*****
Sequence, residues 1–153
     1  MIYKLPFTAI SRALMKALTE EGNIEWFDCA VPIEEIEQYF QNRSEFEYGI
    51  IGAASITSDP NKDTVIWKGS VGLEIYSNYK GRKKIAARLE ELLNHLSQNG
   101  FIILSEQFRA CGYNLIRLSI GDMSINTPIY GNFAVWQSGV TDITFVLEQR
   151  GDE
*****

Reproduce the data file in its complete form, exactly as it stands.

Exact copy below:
Sequence, residues 1–153
     1  MIYKLPFTAI SRALMKALTE EGNIEWFDCA VPIEEIEQYF QNRSEFEYGI
    51  IGAASITSDP NKDTVIWKGS VGLEIYSNYK GRKKIAARLE ELLNHLSQNG
   101  FIILSEQFRA CGYNLIRLSI GDMSINTPIY GNFAVWQSGV TDITFVLEQR
   151  GDE